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The Toronto R&B musician's major label debut EP captures a sun-kissed sound but ultimately feels underdeveloped
The pull of Los Angeles for a young Canadian artist is the subject of California Heaven, the first song on Toronto R&B singer Jahkoy Palmer’s debut EP for major label Def Jam. “All these girls are perfect in L.A.,” he sings. “They’ve got so much there to purchase.”
Despite having relocated to the West Coast, his emphasis on consumerism and superficiality “there” reveals an artist who feels like a bit of an outsider and perhaps has left his heart in Toronto. Produced by Rico Love (Usher, Beyoncé), California Heaven is the most personal song on the seven-track release, which swiftly goes straight into loverman mode for the remaining six. The lightly sardonic tone is dropped for more earnest come-ons and relationship ruminations on F N Sexy and Selfish that lightly combine reggae riffs, snappy hi-hats and shuffling funk beats for a pleasantly airy and understated mood that doesn’t overindulge or sound like it’s chasing a trend.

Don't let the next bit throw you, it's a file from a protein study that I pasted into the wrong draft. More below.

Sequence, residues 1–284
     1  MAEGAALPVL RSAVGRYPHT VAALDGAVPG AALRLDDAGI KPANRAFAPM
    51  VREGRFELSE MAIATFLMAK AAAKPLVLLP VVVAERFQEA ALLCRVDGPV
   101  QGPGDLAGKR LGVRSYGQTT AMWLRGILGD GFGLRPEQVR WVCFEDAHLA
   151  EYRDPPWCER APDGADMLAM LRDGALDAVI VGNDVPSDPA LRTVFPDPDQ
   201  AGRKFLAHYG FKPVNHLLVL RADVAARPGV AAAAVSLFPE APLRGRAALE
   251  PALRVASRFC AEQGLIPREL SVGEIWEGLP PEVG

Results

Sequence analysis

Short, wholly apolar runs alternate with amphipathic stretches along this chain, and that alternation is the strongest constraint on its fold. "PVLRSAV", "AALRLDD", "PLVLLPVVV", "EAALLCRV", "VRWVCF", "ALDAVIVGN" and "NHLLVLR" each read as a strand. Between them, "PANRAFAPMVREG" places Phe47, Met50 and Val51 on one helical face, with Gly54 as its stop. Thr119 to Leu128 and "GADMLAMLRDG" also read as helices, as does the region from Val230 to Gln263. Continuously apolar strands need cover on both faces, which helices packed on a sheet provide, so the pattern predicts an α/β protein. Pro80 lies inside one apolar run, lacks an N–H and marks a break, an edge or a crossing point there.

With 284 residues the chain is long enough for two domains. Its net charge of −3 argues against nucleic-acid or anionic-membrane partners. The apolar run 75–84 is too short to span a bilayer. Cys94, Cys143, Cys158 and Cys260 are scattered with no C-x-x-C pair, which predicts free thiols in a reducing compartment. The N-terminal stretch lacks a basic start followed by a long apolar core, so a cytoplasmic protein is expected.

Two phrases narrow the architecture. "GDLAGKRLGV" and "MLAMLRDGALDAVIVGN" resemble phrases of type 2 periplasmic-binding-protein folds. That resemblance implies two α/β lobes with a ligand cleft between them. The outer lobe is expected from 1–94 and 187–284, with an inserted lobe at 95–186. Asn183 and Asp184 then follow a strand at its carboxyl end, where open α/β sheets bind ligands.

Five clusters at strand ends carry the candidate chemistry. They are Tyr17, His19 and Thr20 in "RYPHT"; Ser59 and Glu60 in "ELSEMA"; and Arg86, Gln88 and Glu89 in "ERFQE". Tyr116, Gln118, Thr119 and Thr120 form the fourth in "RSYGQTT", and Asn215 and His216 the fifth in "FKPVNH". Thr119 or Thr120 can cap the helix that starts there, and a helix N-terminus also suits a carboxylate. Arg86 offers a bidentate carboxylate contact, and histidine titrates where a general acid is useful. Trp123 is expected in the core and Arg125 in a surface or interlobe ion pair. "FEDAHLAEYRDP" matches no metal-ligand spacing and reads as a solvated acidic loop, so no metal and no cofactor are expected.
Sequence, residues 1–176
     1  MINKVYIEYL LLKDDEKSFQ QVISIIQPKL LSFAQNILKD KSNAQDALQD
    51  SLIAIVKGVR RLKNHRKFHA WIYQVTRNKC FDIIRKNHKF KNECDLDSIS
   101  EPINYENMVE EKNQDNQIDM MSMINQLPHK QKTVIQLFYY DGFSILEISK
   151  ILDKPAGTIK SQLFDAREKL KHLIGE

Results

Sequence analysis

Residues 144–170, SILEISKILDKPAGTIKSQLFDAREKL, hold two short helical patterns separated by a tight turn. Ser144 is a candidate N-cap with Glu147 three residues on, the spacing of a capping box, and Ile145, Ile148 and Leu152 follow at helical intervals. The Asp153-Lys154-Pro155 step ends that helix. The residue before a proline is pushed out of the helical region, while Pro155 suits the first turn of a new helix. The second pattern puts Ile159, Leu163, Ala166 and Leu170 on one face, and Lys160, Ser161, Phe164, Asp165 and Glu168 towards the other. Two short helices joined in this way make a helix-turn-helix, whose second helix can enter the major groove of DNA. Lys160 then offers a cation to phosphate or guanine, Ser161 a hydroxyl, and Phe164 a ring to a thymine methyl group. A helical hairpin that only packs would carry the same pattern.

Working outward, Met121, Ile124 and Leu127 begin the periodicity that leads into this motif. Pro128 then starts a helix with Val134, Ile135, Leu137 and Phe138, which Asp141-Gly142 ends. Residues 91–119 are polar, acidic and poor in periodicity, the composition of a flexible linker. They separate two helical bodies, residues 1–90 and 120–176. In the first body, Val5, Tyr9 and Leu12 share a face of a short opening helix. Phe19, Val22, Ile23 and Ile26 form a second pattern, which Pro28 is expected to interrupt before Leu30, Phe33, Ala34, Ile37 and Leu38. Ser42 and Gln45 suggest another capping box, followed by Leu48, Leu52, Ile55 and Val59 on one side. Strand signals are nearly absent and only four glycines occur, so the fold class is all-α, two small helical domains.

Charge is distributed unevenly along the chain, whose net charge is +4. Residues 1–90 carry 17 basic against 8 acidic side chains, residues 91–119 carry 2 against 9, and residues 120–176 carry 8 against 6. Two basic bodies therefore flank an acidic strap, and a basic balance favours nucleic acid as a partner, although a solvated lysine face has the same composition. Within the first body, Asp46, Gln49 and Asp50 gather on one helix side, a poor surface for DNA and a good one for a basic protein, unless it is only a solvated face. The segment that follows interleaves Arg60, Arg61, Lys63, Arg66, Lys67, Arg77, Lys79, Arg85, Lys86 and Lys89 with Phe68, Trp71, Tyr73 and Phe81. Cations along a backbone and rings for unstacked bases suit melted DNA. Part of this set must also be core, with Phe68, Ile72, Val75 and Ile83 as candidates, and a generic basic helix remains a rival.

The feel of Foreign Water is more mid-tempo, mature and languid than Jahkoy’s dancier Soundcloud singles, and his singing also sounds more considered, polished and nuanced. What’s missing is subject matter or lyrics that he can really make his own. Jahkoy sounds like he has the deceptively boyish vocal chops to inhabit the part of the R&B lothario, and California Heaven flirts with an ambitious concept but ultimately feels underdeveloped. Jahkoy and his producers have captured that classic sun-kissed California pop-song feel, but Los Angeles is also a dynamic city full of complications and the kind of striking contradictions that Foreign Water could use more of.
Top track: California Heaven, featuring ScHoolboy Q